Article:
All the characters are not depicted with the same clarity. Those described with most lucidity are those for whom Nick feels indifferent: Catherine, Myrtle Wilson and Mc Kee.
In contrast, the closer the characters get to Nick and the more blurred they prove to be: Gatsby and Daisy, as if Nick was afraid to jump to conclusions concerning Gatsby. Because Nick participates vicariously in Gatsby's adventures, he finds it difficult to come to a clear cut picture of the man.
A. Nick's subjective account
Nick is unreliable: he has a romantic turn of mind pushing him to idealize certain characters. He is bewitched by Daisy's voice, which he compared to a nightingale. He is in love with Daisy himself but remains aware of her selfishness and is not shocked by her carelessness.
Nick is influenced by his upbringing in the MidWest and stands for certain moral principles: 'I am one of the few honest people that I have ever known' (p66). He is a prig, smug and self-righteous MidWesterner. He is spineless (not very brave) and easily influenced. He is lured to the glittering false world of appearances. Nick is like all men looking for glory and high hopes (dream of making lots of money in a short while) provided they find out how it is possible. We cannot expect Nick to be totally objective -he is taken in by all those fake appearances.
B. Nick's distorted vision
Fitzgerald's novel emphasizes the difficulties of getting a clear picture of reality and it also underscores the impossibility of adjusting one's eyes to obtain a faithful reflection of the 'outside world'. From Dr. Eckleburg's gigantic spectacles on the advertisement to the Owl-Eyed man's thick glasses, the eyesight is a recurrent motif, a metonymic allusion to the possibility of getting a distorted representation of reality.
It is often suggested that Nick is unable to get a clear picture of whatever goes on. Myrtle's party in Chapter 3 offers a good example of the narrator's distorted vision. There are several instances of misperceptions. First Nick does not see properly an over-enlarged photograph because he is standing too close to it: he sees 'a hen sitting on a blurred rock' but then taking a few steps backwards the sight changes into 'a bonnet, and the countenance of a stout old lady'.
The lesson could not be clearer; namely, it is indispensable for the narrator to bring the 'outside reality' into focus. Indeed Nick's vision is too often distorted either because lie has overdrunk: 'everything that happened had a dim, hazy cast over it...the whisky distorted things.'(chap2, p35) or because lie is in a dream-like state: half awake, half asleep as if sedated: 'I think I walked into a deep sleep as I entered my front door' (90).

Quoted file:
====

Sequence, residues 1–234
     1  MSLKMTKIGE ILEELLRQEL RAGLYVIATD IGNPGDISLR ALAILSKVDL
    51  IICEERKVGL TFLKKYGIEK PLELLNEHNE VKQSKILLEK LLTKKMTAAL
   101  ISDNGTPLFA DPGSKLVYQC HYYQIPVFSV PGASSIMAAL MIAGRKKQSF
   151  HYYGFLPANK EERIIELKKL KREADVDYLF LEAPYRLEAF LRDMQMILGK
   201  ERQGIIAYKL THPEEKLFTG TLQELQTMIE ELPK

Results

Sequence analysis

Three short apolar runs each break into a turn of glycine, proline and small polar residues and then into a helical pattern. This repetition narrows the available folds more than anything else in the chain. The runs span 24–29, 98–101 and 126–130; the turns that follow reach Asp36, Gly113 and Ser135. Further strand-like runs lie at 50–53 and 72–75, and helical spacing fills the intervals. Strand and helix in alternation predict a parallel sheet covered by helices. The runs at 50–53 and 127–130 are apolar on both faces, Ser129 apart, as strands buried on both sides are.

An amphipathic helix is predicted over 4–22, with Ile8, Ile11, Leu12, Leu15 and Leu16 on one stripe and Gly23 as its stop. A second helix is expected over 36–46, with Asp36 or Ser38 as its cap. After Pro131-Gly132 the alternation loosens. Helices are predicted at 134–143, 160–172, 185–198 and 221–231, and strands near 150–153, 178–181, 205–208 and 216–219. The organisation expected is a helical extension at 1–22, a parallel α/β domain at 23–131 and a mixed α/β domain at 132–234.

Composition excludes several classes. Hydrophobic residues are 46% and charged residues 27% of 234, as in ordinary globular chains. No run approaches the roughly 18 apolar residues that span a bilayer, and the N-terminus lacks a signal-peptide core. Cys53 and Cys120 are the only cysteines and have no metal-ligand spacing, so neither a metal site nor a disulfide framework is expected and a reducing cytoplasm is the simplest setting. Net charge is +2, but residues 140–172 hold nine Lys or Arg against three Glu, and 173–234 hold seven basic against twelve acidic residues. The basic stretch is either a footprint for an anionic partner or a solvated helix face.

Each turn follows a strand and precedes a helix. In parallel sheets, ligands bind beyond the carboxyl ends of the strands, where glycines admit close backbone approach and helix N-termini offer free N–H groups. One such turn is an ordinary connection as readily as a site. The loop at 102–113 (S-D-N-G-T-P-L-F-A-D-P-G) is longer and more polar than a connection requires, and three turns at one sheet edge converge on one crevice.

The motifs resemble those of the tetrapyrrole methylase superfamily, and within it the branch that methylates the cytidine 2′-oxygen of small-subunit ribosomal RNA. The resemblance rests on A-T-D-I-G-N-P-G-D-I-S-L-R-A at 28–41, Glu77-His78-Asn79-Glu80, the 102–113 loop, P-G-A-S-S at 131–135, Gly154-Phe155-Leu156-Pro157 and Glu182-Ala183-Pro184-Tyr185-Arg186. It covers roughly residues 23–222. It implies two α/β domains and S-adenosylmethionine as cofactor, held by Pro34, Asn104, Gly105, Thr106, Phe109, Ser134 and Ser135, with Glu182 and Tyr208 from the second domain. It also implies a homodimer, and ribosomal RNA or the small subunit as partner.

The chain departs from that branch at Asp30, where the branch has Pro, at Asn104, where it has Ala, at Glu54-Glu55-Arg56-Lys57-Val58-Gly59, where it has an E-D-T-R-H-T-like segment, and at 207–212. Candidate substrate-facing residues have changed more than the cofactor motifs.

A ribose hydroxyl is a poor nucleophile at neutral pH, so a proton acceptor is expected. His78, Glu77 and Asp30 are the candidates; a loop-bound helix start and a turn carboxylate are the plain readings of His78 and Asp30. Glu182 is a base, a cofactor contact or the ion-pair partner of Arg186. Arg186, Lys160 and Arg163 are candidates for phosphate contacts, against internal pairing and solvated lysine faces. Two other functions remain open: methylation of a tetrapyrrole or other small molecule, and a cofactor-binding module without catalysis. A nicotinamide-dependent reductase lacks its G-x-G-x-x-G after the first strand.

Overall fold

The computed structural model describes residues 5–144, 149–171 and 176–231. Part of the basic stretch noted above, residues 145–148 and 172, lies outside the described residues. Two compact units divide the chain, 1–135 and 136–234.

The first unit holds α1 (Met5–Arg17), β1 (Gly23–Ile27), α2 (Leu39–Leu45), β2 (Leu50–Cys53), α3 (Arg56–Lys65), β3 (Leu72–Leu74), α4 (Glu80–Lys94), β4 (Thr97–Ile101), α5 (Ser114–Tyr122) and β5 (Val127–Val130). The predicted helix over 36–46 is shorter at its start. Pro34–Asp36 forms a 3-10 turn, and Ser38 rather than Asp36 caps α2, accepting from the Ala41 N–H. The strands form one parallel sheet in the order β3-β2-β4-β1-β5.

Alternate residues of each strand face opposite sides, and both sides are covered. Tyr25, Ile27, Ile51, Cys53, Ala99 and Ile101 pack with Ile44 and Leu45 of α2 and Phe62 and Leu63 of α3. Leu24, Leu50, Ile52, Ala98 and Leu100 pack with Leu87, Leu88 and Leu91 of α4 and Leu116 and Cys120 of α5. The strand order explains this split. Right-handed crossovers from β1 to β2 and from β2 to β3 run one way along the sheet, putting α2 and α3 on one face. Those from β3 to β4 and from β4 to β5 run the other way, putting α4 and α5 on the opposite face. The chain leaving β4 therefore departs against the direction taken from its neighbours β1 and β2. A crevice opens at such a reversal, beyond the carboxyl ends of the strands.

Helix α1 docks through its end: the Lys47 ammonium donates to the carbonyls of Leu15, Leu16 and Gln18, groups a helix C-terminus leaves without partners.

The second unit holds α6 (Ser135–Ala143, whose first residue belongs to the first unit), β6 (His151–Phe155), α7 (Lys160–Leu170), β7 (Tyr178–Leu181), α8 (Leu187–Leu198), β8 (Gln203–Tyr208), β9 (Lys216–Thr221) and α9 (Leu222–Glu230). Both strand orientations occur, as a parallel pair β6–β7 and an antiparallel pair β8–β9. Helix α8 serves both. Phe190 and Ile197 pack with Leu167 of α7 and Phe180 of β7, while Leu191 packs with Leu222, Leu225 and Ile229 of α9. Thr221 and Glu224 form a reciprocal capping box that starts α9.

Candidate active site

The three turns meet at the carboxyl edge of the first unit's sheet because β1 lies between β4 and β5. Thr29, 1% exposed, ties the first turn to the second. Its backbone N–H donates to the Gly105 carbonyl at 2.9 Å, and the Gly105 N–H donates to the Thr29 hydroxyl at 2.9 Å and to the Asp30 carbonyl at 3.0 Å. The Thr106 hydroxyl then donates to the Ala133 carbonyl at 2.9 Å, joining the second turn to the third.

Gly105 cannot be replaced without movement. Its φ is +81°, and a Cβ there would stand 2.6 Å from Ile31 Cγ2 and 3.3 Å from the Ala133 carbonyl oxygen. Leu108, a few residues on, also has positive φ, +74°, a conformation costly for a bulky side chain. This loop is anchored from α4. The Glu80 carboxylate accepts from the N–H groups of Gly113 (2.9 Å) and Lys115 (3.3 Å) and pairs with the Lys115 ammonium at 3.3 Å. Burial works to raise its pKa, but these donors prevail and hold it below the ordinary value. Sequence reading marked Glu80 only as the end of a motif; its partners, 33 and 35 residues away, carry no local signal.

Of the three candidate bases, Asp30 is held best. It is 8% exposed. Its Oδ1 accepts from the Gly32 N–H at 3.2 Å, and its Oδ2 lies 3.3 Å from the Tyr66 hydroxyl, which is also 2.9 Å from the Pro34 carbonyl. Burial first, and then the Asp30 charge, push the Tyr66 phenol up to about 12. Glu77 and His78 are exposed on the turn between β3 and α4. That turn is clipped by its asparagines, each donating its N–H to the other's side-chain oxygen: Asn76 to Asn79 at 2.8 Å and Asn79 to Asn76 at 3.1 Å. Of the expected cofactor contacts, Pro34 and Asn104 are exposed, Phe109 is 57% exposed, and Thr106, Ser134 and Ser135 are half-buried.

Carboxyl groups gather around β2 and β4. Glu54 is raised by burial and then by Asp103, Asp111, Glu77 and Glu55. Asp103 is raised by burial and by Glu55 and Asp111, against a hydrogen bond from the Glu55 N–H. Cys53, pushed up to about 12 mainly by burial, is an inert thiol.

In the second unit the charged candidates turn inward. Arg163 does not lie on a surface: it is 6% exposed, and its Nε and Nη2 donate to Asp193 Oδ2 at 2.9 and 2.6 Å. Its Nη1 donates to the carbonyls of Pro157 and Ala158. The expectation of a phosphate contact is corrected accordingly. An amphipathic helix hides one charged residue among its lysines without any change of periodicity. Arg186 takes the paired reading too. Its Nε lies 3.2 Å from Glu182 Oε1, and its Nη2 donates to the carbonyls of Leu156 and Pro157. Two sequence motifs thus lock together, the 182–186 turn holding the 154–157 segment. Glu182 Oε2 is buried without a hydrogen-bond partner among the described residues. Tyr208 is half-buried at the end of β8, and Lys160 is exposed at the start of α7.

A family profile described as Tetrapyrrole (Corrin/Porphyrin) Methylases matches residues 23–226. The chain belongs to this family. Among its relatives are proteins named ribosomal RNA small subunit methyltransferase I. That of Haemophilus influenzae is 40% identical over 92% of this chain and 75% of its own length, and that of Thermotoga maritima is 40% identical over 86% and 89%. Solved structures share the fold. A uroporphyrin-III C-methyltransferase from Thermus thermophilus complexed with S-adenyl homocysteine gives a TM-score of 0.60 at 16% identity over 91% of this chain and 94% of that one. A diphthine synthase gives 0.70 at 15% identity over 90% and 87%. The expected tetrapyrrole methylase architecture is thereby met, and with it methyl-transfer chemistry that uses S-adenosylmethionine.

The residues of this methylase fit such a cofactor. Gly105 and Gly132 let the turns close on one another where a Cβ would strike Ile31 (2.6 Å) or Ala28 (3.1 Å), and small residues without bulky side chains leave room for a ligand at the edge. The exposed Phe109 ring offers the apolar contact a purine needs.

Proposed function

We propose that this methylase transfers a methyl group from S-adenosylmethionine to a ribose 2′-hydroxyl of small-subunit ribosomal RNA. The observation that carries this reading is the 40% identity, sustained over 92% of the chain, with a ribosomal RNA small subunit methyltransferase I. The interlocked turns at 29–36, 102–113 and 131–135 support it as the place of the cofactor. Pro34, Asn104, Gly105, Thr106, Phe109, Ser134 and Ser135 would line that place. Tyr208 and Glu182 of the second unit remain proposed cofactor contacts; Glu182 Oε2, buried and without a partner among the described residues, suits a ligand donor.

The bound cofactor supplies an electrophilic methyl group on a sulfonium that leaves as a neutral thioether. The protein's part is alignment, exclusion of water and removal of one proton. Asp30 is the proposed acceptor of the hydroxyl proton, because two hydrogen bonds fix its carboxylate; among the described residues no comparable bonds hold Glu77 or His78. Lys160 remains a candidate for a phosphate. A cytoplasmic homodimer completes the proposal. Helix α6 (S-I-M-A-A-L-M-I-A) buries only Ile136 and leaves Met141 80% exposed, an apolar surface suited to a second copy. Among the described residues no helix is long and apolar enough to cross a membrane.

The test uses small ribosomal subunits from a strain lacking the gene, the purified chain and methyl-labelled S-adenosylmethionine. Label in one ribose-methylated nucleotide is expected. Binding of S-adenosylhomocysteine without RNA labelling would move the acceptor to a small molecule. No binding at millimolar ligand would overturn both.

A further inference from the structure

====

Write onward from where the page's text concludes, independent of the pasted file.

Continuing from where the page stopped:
Nick is also haunted by nightmarish visions. After the scene of the accident, in chapter nine he tells a fantastic dream reminiscent of a painting by El Greco (p183), which duplicates through its odd, baroque and surreal aspect the scene in chapter 3 at the end of Gatsby's party when a car loses a wheel. (p61)
C. Nick's own process of initiation
Even if Gatsby is the novel's main protagonist, the novel bears witness to the process of initiation undergone by Nick. Gatsby, after all, does not change in the course of the story, lie is and remains a static figure until the very end before being murdered when it finally dawns upon him that the Daisy lie worshipped was no more than an illusory creation.
On the opposite, Nick goes through different stages as the lie tells the story. Nick's viewpoint evolves and his changing outlook bestows a further dimension on the novel.
First Nick overcomes his moral prejudices and strikes up a personal relationship with Gatsby (chap. 4). He stops being a Middle West prig with too simple a notion of right and wrong. Then lie is given access to Gatsby's past and Gatsby's love quest; lie is thus made alive to the power of illusion: 'the unreality of reality' (p106) to give life a sense of purpose.
Nick, it should not be forgotten, had up until the novel's beginning, led an aimless existence, lie was unmotivated by his work as a bondman and used to let himself be carried along by events. In this respect, his encounter with Gatsby proves a decisive step forward.
With Gatsby's death, Nick is made aware of the barrenness and sterility of the East, of a world that is 'material without being real'. As Gatsby's former acquaintances each in their turn finds an excuse for not attending his funeral, Nick realizes that the spree has ended once and for all. The show is over and the actors have made their exits. Nick's process of initiation ends with his sudden realization that his fascination for a gleaming, dazzling East was unfounded.
After Gatsby's death there remains nothing in the East but void and emptiness: the only music and laughter that Nick can hear are imaginary, hallucinatory: 'I spent my Saturday nights in New York because those gleaming, dazzling parties of his were with me so vividly that I could still hear the music and the laughter' (p187).
The introduction of a first-person narrator who reflects the main protagonist's personality is the best way to conjure up a sense of mystery that cannot be solved. When all has been said and done the fact is that Gatsby remains elusive, indiscernible and unfathomable. Therefore the character's myth is never ever broken up.
Nick's encounter with Gatsby is a decisive step in the narrator's progress towards adulthood. Writing retrospectively this biographical fragment is for Nick one way of consolidating his adulthood. Ultimately the memory of Gatsby is the only treasured possession that Nick may bring back to his native Middle West.